My Thesis

My PhD thesis entitled “Functional and Structural Studies of the Human Voltage-Gated Proton Channel” has recently been published online by the Rockefeller University website here. The Thesis covers six years of extensive research that I carried out in the Laboratory of Molecular Neurobiology and Biophysics at the Rockefeller University under the tutelage of Dr Roderick MacKinnon. I worked closely with many postdocs in the lab during my tenure in the lab and would like to especially thank Dr Seok-Yong Lee (now at Duke University, check out his website here) and Dr Joel Butterwick along with all other members of the MacKinnon lab.

The thesis constitutes the first ever biochemical characterisation of the human voltage-gated H+ channel. It includes one-and-a-half chapters of published data then an additional two-and-a-half chapters of unpublished data, including a never before seen crystal structure (you will have to read the thesis to understand why we never published this structure before now). Additional unpublished data includes extensive mutagenesis studies and NMR characterisation of the detergent solubilised channel. I think that anyone interested in voltage-gated ion channel biochemistry and biophysics will appreciate this work. For anyone who works on voltage-gated H+ channels I think you will really get a kick out of all the unpublished work and encourage you to contact me it you have any questions or comments.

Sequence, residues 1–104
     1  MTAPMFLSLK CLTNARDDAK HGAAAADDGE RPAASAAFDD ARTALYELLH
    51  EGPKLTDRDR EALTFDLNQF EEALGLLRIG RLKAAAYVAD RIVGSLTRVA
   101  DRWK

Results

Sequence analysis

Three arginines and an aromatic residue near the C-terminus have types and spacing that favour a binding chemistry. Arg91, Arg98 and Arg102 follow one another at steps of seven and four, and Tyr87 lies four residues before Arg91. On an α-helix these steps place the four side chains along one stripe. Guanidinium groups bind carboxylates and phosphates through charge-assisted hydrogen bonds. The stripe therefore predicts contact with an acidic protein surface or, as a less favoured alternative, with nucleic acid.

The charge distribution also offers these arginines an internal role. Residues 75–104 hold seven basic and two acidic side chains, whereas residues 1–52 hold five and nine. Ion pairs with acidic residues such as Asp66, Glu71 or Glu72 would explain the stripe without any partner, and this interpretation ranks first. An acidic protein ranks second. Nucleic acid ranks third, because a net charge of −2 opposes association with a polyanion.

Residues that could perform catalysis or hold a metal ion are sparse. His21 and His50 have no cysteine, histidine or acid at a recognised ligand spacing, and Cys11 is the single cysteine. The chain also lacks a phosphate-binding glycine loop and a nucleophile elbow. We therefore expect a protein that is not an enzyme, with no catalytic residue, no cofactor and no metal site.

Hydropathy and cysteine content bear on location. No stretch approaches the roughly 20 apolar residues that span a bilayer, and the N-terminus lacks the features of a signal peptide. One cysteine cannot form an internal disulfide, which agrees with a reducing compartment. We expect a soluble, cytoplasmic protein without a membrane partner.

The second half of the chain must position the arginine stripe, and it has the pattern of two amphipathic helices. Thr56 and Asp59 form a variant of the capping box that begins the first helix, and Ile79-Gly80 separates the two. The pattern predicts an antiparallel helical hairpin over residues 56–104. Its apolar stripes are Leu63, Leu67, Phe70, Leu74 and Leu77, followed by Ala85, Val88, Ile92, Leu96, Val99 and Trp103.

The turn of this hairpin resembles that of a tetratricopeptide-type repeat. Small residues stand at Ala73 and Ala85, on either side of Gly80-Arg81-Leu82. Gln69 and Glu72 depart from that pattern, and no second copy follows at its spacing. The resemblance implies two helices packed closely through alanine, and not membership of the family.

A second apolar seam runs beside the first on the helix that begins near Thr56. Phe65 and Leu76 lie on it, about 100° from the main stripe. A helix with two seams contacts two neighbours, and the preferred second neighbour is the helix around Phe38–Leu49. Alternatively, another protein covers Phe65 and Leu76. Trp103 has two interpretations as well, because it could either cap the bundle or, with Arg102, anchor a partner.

James Letts PhD Thesis

Click to see find and download my thesis from the Rockefeller University library archive.

Below is also a link to a recording of the public presentation portion of my Thesis defence. This presentation does not by any means cover all the work presented in my Thesis but I do discuss some of the major finding. This video has also been posted under the ‘My work’ page of this blog and on my linkedin profile so you may have come across it before. Hope you enjoy.